Thoughts for Parashat Re'eh
by Jonathan Arking
IJII Summer Student Intern
Among the most universal values, dating back thousands of years to a myriad of ethical and religious traditions, is the “golden rule.” Stated positively, it is “treat others as you would have others treat you,” and negatively as “do not treat others in ways you would not want to be treated.” Yet while these maxims seem similar in content, there is a wide distinction in outlooks and obligations created by each one. The most notable difference between the two versions is in the approach toward passivity. While the positive formulation of the golden rule mandates that you apply yourself to help someone in need, the negative formulation does not--caring not whether you help, so long as you do no harm. These two differing attitudes can be succinctly termed social responsibility, having an obligation toward all others we interact with, and hyperindividualism, live and let live.
In this week’s parasha, Re’eh, we read a verse that reads “You shall not act at all as we now act here, every man as he pleases.” To those familiar with the book of Judges, the literary connection is immediate. It is an almost identical line that punctuates the book of Judges, a book characterized by anarchy, sin, and political strife. The book culminates in one of the most horrific stories in the entire Bible, the Pilegesh B’giva, and a civil war in which nearly the entire tribe of Benjamin is wiped out. The concluding verse of the book is “In those days there was no king in Israel; everyone did as he pleased.” This phrase, “everyone did as he pleased” might be read as an extreme form of individualism. While some of the direct actions in the narratives may have violated the negative formulation of the golden rule, a society in which “everyone did as he pleased” is directly what it calls for. This is a clear warning about the perils of hyperindividualism.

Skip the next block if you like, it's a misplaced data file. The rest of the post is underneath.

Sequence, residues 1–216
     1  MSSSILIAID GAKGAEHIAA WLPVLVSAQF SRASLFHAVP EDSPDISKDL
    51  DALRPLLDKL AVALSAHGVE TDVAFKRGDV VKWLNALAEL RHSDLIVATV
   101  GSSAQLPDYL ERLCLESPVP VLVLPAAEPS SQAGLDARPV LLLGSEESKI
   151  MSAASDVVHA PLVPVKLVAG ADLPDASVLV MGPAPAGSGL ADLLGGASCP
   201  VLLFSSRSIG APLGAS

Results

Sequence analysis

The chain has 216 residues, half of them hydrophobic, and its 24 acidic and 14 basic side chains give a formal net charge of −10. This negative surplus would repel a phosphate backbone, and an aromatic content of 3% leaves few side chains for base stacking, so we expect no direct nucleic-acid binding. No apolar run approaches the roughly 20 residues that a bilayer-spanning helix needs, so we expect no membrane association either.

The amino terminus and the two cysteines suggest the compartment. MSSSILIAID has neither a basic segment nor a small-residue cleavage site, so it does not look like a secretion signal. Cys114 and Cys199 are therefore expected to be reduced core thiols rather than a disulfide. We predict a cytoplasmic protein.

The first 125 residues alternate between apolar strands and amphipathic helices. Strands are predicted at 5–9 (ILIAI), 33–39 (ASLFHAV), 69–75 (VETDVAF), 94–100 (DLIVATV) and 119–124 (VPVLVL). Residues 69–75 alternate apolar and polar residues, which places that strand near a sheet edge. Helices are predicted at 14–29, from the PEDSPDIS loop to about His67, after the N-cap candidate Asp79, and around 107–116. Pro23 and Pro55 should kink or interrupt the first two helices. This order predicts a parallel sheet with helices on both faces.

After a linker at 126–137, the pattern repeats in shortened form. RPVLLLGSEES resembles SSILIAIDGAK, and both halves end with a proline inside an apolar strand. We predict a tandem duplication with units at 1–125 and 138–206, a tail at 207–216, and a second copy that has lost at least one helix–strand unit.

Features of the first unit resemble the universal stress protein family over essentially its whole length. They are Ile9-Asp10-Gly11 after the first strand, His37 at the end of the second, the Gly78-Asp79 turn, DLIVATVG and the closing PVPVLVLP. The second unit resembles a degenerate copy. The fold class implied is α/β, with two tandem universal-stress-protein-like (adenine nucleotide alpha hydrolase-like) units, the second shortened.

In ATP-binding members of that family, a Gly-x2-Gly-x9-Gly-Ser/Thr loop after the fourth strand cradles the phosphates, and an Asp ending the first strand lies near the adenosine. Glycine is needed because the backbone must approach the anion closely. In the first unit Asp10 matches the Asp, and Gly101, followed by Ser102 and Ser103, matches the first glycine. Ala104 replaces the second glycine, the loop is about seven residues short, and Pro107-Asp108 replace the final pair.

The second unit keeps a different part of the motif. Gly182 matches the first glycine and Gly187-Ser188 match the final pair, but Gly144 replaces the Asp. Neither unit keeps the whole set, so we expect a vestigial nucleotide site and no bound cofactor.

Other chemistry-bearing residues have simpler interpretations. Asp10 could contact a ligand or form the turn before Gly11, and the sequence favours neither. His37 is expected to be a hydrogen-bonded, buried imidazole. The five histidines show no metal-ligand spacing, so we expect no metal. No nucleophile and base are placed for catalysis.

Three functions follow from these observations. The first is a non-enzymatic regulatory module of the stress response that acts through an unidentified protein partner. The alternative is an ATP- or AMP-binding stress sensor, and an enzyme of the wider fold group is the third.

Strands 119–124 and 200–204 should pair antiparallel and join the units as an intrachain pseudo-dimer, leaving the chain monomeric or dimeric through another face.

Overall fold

Later in the parasha, we see the Torah’s insistence on social responsibility not just alluded to, but explicitly commanded. After relaying the command to remit all debts every seventh year, the Torah states: “There shall be no needy among you”-- in other words, it is incumbent upon you to create a society in which none are needy. This verse, along with the institution of the remission of debts, are commands aimed at society more generally, not specifically at the individual. Yet, the individual, too, has a personal obligation: “If, however, there is a needy person among you, one of your kinsmen in any of your settlements in the land that the Lord your God is giving you, do not harden your heart and shut your hand against your needy kinsman.”
It can be very easy to fall into the trap of the negative formation of the golden rule -- “I am not hurting anyone, so there is no element of moral obligation in my decisions.” In religious contexts, this can manifest in prioritizing one’s own religious experience at the expense of being involved in “yishuvo shel olam”, the building of society. But Judaism rebukes this approach, both through the tragic narratives of Judges, and the Torah's commands to both establish an economically just system, and to directly aid those in need. As Rabbi Lord Jonathan Sacks writes, “The message of the Hebrew Bible is that serving God and serving our fellow human beings are inseparably linked.” We are obligated not just to worry about ourselves, but to do our part in improving society and working to create a world in which “there shall be no needy among you.”